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Published on 04 February, 2011

Revolution in Egypt takes an ugly turn

Egypt (MNN) — Although the protests started out peaceful enough, violence
erupted Wednesday between government and anti-government supporters.

The violence quickly spread around the city in the form of looting and
arson. There were reports of gangs of
thugs supporting President Hosni Mubarak. These bands attacked reporters, foreigners, and rights workers while the army
rounded up foreign journalists.

The spreading lawlessness comes at a time when Global
Advance
is preparing for two strategic events in the Middle East in 2011. President Jonathan Shibley was in Egypt last
week when the protests started. 

While the spiral into chaos is unsettling, he says, "I think
this is a watershed moment not only for Egypt, but for much of the Arab world.
We're going to have to take a little bit of a ‘wait and see' approach to what
continues to play out. I also believe that it's a ripe time for the Gospel."

Global Advance has plans to conduct a training event for
pastoral leaders from many different nations in the region. The
event wasn't scheduled for February, but delays in planning could mean delays
further down the line. Delays are an
inevitable part of a country in the throes of a revolution. "Within the past
week, I think everybody's plans have been put on ice, and everyone has got to
wait and see what's going to happen," says Shibley. "People, right now, are just primarily concerned
for the basics and their own safety."

No matter what happens with the government, the vision has
been cast, and the Great Commission won't change. Shibley says, "I was so encouraged with what God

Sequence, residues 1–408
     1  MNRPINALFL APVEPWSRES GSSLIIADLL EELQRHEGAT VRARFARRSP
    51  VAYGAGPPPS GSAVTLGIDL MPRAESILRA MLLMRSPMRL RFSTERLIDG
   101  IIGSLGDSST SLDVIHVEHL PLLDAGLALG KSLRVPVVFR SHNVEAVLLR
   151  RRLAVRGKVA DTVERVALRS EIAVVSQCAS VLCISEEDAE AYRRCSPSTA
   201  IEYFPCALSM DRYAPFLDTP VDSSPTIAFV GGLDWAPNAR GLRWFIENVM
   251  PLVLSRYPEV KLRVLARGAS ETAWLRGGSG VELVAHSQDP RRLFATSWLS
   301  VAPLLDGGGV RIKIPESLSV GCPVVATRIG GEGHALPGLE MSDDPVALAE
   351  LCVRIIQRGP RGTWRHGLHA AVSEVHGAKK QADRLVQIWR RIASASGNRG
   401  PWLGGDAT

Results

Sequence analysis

is doing among some of the Egyptian
nationals and their mission strategy, not only for reaching Egypt but also parts of the Arab-speaking world. It was
fascinating and really gave me a sense of true, indigenous missions."

The team hopes to launch a Marketplace Missions event for business leaders
in the area. These business leaders face difficult opposition just because of
their faith.  

It's interesting to note how the physical aspect of the uprising has
provided an opportunity. "Some of the things that are happening parallel what's
going on in the Spirit, as well. There's restlessness in that entire part of
the world. I think, as believers, we need to focus our prayers on the people in
the Middle East."

Prayer is needed. Shibley says, "God
has His men and women strategically positioned already on the ground. They're
in countries like Egypt, Lebanon, Jordan, and Tunisia. They're very few, but
they're still there. We need to pray that God gives them a holy strength and a
holy boldness to continue living out their faith, reaching others in a
relevant, practical way."

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About Egypt

  • Primary Language: Arabic, Standard
  • Primary Religion: Islam
  • Evangelical: 3.9%
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